CA is also very expensive for many other things such as taxes & utilities - for us, taxes are about $20K higher and utilities are about $5k more a year in CA even though use more electricity in NV due to AC. Housing is the biggest cost of most retirees, so don't discount that difference - our housing is more than double the cost in CA vs NV (we have similar home in both locations).
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Old Yesterday, 12:57 PM
 
3,296 posts, read 850,592 times
Reputation: 3789
Quote:
Originally Posted by ddeemo View Post
CA is also very expensive for many other things such as taxes & utilities - for us, taxes are about $20K higher and utilities are about $5k more a year in CA even though use more electricity in NV due to AC. Housing is the biggest cost of most retirees, so don't discount that difference - our housing is more than double the cost in CA vs NV (we have similar home in both locations).
Knowing certain costs ARE controlled, helps. Such as the ability to remain on group healthcare into retirement. Prop 13 can mean a home in CA has cheaper taxes than than a similar one in NV.

While not being tied to a job means that a couple is in fact more mobile, there may or may not be a financial incentive to move, based on the above two factors, and I'm sure a few others.
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Old Yesterday, 01:30 PM
 
270 posts, read 73,279 times
Reputation: 679
Ddee, Californians coming to Nevada is causing huge problems for some locals. Rents and housing prices have skyrocketed. Some working poor and seniors are becoming homeless. They tore down all the weekly motels and they are all empty lots with nothing replacing them. The casino workers without tips are suffering also. Our homeless population is growing a lot. Our property taxes are ridiculously low. The average family in Nevada makes 47k/year yet you need 80k to buy a house. A tiny one bedroom apartment is 1200 and 2 bedrooms between 1600-1900. Our roads now can’t handle the traffic. You can’t stop growth but it’s causing real issues.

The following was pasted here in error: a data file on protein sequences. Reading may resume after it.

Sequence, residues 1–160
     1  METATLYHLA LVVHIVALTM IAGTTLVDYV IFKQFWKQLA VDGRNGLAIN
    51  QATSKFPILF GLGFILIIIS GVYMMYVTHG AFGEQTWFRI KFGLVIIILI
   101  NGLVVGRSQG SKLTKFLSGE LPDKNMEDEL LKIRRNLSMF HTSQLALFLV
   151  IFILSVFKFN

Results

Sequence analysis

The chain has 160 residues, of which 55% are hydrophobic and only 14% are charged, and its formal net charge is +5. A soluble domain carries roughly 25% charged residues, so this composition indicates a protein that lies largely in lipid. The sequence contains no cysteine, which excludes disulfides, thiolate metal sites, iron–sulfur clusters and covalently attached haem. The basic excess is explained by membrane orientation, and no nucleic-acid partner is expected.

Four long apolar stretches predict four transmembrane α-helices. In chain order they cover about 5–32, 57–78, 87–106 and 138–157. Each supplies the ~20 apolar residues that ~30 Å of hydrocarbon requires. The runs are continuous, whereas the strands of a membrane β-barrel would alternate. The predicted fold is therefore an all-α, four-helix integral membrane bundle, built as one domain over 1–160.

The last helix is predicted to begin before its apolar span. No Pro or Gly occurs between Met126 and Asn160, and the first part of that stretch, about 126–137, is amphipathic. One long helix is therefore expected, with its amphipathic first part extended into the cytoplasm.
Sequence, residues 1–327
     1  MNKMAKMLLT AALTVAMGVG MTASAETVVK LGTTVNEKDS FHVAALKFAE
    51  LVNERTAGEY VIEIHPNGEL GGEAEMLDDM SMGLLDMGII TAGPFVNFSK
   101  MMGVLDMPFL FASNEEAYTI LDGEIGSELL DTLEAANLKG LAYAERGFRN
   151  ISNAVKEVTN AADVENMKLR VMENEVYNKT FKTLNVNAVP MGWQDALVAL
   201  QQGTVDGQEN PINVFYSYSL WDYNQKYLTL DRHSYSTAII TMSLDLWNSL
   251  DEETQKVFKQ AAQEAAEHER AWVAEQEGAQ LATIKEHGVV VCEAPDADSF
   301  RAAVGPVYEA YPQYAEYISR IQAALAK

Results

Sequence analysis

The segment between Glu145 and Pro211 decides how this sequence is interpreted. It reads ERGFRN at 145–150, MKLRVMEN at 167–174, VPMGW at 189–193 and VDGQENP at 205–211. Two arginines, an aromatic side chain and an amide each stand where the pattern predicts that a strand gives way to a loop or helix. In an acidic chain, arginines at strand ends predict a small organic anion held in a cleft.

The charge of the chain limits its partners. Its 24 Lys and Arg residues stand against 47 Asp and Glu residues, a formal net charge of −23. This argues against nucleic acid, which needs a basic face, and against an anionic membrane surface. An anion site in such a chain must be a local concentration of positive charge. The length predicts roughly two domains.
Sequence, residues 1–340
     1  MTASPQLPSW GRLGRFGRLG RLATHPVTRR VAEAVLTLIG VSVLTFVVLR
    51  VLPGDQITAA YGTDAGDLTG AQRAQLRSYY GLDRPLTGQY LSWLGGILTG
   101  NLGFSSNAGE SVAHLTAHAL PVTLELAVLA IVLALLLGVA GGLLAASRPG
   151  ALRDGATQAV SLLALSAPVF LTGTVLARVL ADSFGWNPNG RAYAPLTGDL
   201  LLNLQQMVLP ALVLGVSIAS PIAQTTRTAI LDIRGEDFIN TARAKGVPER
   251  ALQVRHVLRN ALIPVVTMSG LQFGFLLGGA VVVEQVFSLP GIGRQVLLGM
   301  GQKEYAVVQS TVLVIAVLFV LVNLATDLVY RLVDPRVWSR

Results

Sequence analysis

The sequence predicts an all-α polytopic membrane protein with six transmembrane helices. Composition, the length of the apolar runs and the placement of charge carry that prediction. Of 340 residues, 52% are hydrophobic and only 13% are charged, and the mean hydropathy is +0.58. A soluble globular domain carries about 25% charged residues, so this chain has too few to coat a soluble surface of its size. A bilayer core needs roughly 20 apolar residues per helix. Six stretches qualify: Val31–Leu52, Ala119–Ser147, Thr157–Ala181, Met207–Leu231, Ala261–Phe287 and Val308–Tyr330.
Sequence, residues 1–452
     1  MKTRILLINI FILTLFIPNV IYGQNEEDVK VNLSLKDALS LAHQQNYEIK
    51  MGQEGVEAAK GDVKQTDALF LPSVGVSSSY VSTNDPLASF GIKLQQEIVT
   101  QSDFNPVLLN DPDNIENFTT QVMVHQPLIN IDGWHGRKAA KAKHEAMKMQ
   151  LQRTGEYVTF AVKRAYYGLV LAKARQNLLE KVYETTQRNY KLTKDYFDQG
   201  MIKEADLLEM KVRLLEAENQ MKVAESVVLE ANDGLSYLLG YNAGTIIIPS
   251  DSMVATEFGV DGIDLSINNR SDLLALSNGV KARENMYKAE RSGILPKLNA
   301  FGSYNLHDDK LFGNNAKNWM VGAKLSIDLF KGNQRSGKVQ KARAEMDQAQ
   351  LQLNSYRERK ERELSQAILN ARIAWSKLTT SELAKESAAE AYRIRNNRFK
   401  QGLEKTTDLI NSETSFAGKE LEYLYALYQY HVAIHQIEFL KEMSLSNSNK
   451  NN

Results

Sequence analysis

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Old Yesterday, 01:38 PM
 
2,196 posts, read 538,329 times
Reputation: 3795
Quote:
Originally Posted by ddeemo View Post
There is no one size fits all in retirement.
Wait. There isn't? Dang. Next thing you know, you're going to tell me there is no Easter Bunny.
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Old Yesterday, 02:04 PM
 
1,978 posts, read 1,306,334 times
Reputation: 3393
Awesome. 1% of Americans will meet this criteria.
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Old Yesterday, 04:45 PM
 
Location: R.I.
977 posts, read 605,084 times
Reputation: 4232
Quote:
Originally Posted by emm74 View Post
Except that taxes and utilities would all be going up regardless of whether or not you still have a mortgage payment. Lots of people are paying the 550 plus 183 plus 185 PLUS a mortgage payment. And since they most likely bought more recently and at a higher price, their mortgage payment is a lot higher than yours was in 1998. The value of having the paid off mortgage should be looked at in 2019 dollars, not 1998 ones.
Don't think you got the point I was trying to make. The poster mentioned that once her mortgage was paid off she had such and such amount of surplus money left over. And I tried to make the point that the surplus money will dwindle over time because all her home ownership expenses will rise for which I gave my examples how mine rose over the past 20 years.

The bottom line is, it doesn't matter if one has a mortgage or not in retirement, what matters is can one's a retirement income which for most does not usually grow like working income does cover whatever one's retirement expenses are in year 12 of retirement as it did in year 1.
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Old Yesterday, 06:34 PM
 
Location: SoCal
13,226 posts, read 6,326,744 times
Reputation: 9839
I pay very little for utilities in California. We pay about $2-3k per year, water, electricity, and gas. There is no way I’m going to be able to save $5k by moving elsewhere.